The Ports of Bladensburg and Beall Town
In 1742, the town of Bladensburg was created on the banks of the Anacostia River (also known as the Eastern Branch of the Potomac river) through an act of the Maryland General Assembly for the purpose of promoting trade and commerce. The act stated that the new port town was to be located on "the Eastern Branch of the Potomack River in Prince George's County near a place called Garrison Landing." The legislation was in response to a petition from the inhabitants of Beall Town to have a new town laid out. The new town was just downstream from the confluence of the Northwest and Northeast Brances, not far from where Beall Town was located.
Beall Town had been established in the 1720s and was officially recognized as a town by the Prince George's County Court in 1732. However, its viability as a port was extremely short lived. It fell victim to a problem that has plagued the area and its successor port town of Bladensburg up to the present day - namely, the filling in of the river channel with silt and fallen trees and trash. In 1738, just four years before petitioning for a new town, the residents of Beall Town complained that "freshets" [floodwaters] had "brought down trees and trash which...choak'd up the channel in the said branch so that boats and other craft cannot be brought up to lod or relod goods at the usual landing place."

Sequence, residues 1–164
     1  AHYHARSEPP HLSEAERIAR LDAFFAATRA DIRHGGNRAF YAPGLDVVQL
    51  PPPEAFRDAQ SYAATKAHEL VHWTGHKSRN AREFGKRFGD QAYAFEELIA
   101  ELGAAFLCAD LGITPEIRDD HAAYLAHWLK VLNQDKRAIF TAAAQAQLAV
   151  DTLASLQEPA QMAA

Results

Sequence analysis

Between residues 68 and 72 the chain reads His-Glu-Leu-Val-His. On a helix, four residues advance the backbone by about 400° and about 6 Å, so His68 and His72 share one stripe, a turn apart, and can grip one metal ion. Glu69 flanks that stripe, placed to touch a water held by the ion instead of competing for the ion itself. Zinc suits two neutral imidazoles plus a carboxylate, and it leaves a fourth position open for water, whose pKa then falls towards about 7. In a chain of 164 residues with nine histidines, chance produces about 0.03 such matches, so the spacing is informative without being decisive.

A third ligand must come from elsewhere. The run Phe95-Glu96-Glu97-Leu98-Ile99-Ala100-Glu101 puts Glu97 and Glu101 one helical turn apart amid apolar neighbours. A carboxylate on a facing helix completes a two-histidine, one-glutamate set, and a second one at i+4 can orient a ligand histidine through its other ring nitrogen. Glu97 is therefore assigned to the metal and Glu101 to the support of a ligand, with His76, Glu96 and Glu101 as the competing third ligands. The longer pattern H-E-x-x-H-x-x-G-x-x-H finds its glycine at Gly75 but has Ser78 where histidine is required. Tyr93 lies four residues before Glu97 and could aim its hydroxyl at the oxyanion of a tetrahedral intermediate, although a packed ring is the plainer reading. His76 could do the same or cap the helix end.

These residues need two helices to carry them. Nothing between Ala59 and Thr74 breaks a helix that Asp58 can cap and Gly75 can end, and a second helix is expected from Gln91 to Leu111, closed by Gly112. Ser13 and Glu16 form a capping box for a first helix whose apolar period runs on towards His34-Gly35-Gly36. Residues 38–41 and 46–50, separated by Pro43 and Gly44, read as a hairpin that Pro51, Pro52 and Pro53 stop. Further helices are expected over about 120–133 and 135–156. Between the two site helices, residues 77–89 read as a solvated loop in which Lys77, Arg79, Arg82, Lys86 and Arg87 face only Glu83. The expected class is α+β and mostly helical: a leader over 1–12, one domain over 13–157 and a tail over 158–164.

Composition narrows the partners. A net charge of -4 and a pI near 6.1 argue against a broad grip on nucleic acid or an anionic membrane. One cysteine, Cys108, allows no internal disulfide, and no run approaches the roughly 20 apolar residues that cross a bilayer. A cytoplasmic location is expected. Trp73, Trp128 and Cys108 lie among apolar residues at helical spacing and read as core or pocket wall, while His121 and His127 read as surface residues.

The new port town of Bladensburg, named after Maryland Governor Thomas Bladen, thrived and became an important commercial center with wharves, taverns, and stores. Only five years after it was established, Bladensburg was named one of the tobacco inspection stations, and by 1761 it had grown so much that it was designated a "hundred" [similar to an election district] of Prince George's County.
Much of Bladensburg's growth and success can be attributed to the efforts and resourcefulness of one man - Christopher Lowndes. Lowndes was a merchant and a shipyard and ropewalk owner, as well as a commissioner of the town of Bladensburg from 1745 until his death 40 years later.
Bladensburg began to decline in importance as a tobacco shipping port in the 19th century with the silting in of the Anacostia River. The main railroad line to Washington, D.C., when first constructed in 1835, passed directly throught Bladensburg. However it was was soon altered to bypass the town, leaving Bladensburg serviced only by a spur or secondary line. This fact, coupled with the river siltation problem, sealed Bladensburg's demise as a tobacco shipping center; tobacco shipping ended in the port town before the middle of the 19th century.
Today, Bladensburgh is a small buy busy urban community, with large-scale industrial activity. It is currently in the midst of major revitalization efforts spearheaded by the Bladensburg Local Development Corporation and several government agencies.